A powerful and slow-moving Category 4 hurricane in the Gulf of Mexico that came ashore in southwest Texas on Friday night — lashing the coast with winds of up to 130 mph and dumping huge quantities of rain — has resulted in widespread damage and flooding as rain, wind and tornadoes continue to pound the region.
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While Harvey has now weakened to a tropical storm, it's walking pace over hundreds of mile square miles of low-lying coastal territory is resulting in some the highest rainfall predictions in the history of weather record-keeping, as residents and first-responders prepare themselves for the worst.
On Friday night, the eye of the hurricane hit the Texas coastal city of Rockport "right on the nose," and left "widespread devastation," according to the city's mayor, cited by multiple sources.
On Saturday morning an estimated 300,000 consumers were left without power along the Texas coast and at least 20 inches of rain had been recorded in some locations.
Following a Friday request from Texas Governor Gregg Abbott, US President Donald Trump signed on order declaring the region a disaster area, authorizing the release of millions of dollars in emergency aid.
Current meteorological forecasting is calling for as much as 30 inches of rain by Wednesday, with some areas predicted to receive as much as 40 inches, cited by Stripes.com.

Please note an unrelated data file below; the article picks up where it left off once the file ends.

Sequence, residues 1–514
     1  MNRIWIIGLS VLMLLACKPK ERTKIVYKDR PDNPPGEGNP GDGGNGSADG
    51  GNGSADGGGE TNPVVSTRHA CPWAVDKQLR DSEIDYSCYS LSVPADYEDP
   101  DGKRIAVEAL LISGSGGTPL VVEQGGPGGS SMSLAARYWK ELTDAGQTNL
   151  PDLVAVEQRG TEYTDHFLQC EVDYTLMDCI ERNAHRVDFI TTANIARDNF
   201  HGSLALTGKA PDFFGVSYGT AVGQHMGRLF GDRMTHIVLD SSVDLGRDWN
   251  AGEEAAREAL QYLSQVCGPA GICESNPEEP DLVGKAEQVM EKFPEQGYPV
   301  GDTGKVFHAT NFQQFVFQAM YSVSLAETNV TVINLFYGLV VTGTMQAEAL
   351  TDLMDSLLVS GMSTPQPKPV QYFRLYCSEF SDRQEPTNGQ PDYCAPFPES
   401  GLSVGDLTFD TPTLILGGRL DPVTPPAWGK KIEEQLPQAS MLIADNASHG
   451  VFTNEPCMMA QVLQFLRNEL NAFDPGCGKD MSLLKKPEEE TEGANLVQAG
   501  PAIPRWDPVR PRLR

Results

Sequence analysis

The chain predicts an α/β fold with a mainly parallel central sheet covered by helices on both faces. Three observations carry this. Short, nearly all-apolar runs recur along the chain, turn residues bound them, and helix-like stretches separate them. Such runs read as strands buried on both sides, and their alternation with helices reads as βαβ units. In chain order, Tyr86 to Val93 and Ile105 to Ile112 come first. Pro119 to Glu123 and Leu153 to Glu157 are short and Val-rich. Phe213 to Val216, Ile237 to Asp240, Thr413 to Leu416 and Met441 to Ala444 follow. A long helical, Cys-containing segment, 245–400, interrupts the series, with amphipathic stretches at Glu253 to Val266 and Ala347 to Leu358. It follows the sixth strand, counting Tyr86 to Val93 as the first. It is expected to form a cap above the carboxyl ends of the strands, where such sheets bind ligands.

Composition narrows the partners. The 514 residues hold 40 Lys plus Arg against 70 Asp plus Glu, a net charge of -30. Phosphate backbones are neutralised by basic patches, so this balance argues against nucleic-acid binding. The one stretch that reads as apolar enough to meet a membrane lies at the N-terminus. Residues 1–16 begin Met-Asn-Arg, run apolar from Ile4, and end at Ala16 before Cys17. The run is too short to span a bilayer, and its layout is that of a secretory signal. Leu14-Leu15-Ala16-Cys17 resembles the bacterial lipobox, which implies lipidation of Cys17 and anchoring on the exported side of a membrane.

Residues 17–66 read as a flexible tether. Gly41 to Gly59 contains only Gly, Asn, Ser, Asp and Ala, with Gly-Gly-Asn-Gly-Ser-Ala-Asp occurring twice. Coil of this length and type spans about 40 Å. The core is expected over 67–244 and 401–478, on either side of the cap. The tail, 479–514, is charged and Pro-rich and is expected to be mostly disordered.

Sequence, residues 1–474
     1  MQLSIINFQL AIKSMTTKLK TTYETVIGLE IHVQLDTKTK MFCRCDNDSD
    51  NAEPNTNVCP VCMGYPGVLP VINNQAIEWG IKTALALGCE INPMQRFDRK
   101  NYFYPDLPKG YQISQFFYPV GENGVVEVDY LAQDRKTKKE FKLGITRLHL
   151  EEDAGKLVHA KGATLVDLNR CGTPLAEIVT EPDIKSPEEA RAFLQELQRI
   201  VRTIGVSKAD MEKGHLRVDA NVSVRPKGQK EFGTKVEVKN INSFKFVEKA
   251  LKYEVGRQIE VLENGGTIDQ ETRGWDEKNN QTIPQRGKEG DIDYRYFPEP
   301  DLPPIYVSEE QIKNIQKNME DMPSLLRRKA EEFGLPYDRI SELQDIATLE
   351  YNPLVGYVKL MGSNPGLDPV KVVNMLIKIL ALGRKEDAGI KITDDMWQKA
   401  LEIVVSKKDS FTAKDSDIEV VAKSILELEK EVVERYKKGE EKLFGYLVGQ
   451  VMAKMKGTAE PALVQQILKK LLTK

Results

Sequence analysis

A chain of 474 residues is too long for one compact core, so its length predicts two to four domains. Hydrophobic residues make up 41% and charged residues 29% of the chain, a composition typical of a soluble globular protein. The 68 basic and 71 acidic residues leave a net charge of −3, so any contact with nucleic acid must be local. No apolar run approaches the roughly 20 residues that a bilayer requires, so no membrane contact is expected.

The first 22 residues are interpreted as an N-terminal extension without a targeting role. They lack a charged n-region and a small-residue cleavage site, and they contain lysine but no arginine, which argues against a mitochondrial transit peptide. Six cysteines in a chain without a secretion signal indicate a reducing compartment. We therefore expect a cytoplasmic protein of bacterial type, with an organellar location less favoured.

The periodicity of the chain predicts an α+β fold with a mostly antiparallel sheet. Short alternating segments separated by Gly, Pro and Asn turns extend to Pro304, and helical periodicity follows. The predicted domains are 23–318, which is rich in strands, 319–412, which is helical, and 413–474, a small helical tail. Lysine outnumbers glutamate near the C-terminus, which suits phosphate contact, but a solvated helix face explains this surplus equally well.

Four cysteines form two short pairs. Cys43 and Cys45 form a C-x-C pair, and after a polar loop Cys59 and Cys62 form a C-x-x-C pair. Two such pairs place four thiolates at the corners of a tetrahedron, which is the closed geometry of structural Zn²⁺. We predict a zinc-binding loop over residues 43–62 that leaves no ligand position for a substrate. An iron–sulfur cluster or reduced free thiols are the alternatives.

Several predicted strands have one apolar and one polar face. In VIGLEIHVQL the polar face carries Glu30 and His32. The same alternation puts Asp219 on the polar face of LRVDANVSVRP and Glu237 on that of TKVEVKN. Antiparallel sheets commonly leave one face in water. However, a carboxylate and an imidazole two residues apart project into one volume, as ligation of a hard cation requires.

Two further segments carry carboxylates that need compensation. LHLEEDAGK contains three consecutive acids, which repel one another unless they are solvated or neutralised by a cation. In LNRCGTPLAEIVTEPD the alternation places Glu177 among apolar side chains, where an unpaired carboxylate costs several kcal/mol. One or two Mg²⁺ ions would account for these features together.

While local officials did not downplay the seriousness of the storm, they also did not issue mandatory evacuation orders, either.
"We are not having a hurricane," said a top elected official for the county that includes Houston, the fourth largest city in the US, "We are having a rain event."
Although officials claim that the danger is far from over, locals are more optimistic or, at least, philosophical.
A 55-year-old insurance agent interviewed by Stars and Stripes downplayed the dire warnings.
"I don't think anybody is really that worried about it. I've lived here my whole life," he said, adding, "I've been through several hurricanes."
Harvey is the strongest hurricane to hit Texas since Hurricane Carla in 1961.